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Ukraine Complains No Help From Europe in Russia Gas Dispute

  • Reuters

Ukraine's President Viktor Yanukovich addresses delegates during the World Economic Forum in Davos, Switzerland, Jan. 24, 2013.

Ukraine's President Viktor Yanukovich addresses delegates during the World Economic Forum in Davos, Switzerland, Jan. 24, 2013.

Ukraine complained on Wednesday that it had received little or no support from European countries in its face-off with Russia over the price of its gas imports and a $7 billion Russian bill.

The dispute dramatically escalated last month when Russia's gas giant Gazprom sent the bill to Kiev to cover gas it says Ukraine was under contract to buy last year, but never took.

Though Ukraine's ties with the European Union are equally strained, President Viktor Yanukovich indicated on Wednesday he had all the same been seeking support from Europe in the confrontation with Russia.

Ukraine relies heavily on Russian gas to heat homes and fuel the industrial sector. Kiev says the current gas supply deal that was negotiated in 2009, however, sets an exorbitant price for the fuel at $430 per thousand cubic metres in the current quarter.

The Kiev government, in months of negotiations, has failed to persuade Moscow to lower the price. Russia has said that a price reduction is in the cards only if Ukraine joins a Russia-led Customs Union or relinquishes control of its gas pipeline network system.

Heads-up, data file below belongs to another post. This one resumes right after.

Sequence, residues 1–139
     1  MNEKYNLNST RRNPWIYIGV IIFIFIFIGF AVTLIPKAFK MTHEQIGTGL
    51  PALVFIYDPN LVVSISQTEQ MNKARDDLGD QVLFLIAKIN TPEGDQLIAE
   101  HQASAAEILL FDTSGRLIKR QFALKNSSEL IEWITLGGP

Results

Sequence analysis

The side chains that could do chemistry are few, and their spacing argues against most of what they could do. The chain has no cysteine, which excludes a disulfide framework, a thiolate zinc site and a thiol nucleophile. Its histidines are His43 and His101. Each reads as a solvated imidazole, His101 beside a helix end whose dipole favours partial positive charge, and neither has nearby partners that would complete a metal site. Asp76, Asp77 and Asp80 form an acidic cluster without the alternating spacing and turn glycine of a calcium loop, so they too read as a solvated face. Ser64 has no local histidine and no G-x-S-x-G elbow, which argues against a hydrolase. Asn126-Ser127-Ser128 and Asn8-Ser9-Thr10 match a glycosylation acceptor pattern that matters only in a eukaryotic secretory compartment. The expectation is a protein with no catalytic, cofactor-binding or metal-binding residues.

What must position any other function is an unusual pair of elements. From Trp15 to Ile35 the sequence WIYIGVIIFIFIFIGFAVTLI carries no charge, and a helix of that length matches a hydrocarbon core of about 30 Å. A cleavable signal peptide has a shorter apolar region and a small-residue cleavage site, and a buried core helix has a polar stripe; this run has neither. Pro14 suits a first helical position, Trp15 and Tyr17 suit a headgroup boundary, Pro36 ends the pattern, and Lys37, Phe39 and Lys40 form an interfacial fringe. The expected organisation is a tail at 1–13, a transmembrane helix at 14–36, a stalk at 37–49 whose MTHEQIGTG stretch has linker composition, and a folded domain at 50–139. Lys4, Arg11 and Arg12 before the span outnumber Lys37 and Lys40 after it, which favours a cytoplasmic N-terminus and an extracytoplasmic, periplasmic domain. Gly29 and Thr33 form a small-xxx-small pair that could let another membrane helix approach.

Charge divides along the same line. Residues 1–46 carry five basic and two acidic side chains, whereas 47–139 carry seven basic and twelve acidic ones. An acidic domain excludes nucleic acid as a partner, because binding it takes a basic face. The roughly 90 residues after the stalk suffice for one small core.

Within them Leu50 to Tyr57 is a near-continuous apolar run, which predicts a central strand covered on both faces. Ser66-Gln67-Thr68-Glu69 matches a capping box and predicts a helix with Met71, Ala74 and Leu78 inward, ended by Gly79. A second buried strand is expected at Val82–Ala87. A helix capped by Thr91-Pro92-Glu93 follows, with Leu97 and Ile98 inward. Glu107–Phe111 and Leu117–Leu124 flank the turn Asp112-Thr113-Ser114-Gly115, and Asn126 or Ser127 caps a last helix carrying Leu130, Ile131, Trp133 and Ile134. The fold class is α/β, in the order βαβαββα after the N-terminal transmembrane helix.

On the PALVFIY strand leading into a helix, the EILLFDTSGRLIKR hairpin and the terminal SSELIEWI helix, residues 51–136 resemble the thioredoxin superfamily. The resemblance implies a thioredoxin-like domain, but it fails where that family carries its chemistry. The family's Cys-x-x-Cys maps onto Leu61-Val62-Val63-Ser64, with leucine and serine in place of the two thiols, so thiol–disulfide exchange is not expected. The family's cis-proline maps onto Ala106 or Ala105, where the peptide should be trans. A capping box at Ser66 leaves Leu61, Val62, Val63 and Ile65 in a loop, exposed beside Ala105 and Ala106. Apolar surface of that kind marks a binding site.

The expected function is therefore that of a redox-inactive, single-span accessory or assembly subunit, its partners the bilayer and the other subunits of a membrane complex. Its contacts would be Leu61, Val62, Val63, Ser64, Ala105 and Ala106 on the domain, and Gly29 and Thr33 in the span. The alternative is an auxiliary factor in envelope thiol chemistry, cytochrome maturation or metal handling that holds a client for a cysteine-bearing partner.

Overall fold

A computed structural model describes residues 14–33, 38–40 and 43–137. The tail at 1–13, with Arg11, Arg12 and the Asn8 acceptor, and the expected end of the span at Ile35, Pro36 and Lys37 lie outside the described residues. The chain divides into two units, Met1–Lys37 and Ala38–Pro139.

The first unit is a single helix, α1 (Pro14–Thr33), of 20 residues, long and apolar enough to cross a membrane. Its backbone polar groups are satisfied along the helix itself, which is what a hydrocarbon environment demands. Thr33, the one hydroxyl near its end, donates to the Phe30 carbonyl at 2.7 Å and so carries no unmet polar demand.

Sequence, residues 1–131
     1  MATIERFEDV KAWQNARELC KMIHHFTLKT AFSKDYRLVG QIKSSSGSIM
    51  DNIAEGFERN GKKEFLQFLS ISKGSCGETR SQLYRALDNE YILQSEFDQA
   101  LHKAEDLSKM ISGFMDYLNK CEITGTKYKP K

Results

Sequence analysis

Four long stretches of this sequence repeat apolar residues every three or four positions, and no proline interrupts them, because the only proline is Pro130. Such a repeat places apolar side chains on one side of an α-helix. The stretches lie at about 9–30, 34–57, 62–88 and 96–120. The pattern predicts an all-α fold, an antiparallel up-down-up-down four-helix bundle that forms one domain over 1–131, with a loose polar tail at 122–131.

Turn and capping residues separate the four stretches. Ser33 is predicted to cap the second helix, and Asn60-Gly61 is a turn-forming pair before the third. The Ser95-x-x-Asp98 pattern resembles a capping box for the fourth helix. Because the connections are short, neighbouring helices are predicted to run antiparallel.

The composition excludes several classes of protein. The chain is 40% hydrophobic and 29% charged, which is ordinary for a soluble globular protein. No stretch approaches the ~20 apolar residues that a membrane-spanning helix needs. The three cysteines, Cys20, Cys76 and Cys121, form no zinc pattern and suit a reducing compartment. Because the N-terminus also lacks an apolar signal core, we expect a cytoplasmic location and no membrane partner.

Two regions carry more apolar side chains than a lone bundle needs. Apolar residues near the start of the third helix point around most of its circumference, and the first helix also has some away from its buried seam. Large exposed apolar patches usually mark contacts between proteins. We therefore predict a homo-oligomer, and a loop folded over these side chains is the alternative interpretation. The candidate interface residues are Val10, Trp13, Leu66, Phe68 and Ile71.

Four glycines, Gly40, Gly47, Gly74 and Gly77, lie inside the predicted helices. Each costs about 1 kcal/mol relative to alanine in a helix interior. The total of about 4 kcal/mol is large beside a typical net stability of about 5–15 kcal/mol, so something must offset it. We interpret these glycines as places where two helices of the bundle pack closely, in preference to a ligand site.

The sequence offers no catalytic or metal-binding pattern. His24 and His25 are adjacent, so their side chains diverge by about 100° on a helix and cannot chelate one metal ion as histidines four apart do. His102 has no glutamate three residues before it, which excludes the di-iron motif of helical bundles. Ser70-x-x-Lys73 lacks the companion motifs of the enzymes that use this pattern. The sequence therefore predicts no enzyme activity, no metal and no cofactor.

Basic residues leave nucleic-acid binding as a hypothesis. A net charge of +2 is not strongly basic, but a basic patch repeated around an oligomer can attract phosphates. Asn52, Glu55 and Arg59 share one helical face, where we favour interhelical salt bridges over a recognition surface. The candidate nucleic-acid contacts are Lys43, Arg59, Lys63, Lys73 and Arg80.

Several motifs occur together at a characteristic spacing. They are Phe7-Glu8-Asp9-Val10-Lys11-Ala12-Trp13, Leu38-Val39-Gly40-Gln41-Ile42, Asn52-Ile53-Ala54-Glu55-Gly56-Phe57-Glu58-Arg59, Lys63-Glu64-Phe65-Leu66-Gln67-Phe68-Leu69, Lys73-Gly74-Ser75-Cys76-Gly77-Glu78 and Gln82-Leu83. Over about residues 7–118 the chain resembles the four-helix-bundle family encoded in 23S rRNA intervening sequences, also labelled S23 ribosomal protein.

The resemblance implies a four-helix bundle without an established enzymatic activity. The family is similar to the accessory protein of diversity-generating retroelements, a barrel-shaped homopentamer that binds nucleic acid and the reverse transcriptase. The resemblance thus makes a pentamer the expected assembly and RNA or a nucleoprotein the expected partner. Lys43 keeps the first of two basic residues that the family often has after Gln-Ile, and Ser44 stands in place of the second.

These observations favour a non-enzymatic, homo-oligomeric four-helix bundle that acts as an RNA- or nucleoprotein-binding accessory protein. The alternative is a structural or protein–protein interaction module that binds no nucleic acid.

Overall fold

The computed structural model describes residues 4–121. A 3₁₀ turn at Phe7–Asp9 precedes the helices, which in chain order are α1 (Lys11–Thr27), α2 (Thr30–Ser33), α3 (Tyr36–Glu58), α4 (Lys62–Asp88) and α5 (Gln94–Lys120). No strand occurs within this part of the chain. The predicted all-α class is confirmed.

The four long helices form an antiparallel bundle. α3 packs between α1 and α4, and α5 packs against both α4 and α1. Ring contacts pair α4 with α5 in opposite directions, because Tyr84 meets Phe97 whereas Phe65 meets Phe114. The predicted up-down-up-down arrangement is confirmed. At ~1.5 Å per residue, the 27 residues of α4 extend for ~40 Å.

Gas pricing disputes between Kiev and Moscow came to world attention in January 2006 when supplies to western European customers were halted. A dispute over gas prices - Ukraine then paid just $50 per 1,000 cubic metres and Russia's Gazprom wanted to charge $230 - was complicated by accusations of corruption in the energy sector from then Prime Minister Yulia Tymoshenko.

"In the past three years we have had no support, even sympathy in the issues of the gas force majeure relations Ukraine has had,'' Yanukovich told a news conference after meeting Lithuanian President Dalia Grybauskaite.

"When Russia presented us with a bill of $7 billion in penalties we hoped that we would get some comments on this from the European Energy Community,'' he added, referring to a cooperation body for EU and neighbor non-EU states.

"We repeatedly sent letters about this to the European Energy Community. Not once did we get a reply and this is a problem,'' he said.

Ukraine and the 27-member bloc have initialed a blueprint for political association and free trade to set Ukraine on a course for integration into the European mainstream.

The EU is at odds with Yanukovich over the imprisonment of opposition leader Yulia Tymoshenko, though, and is refusing to take relations further and sign the agreement.

Tymoshenko is serving a seven-year jail sentence for abuse-of-office meted out in October 2011 after a trial that the West said smacked of selective justice by the Yanukovich leadership.

The EU and Ukraine are due to hold a summit on February 25 when Kiev wants to resurrect the deals that have been put onto the back burner.
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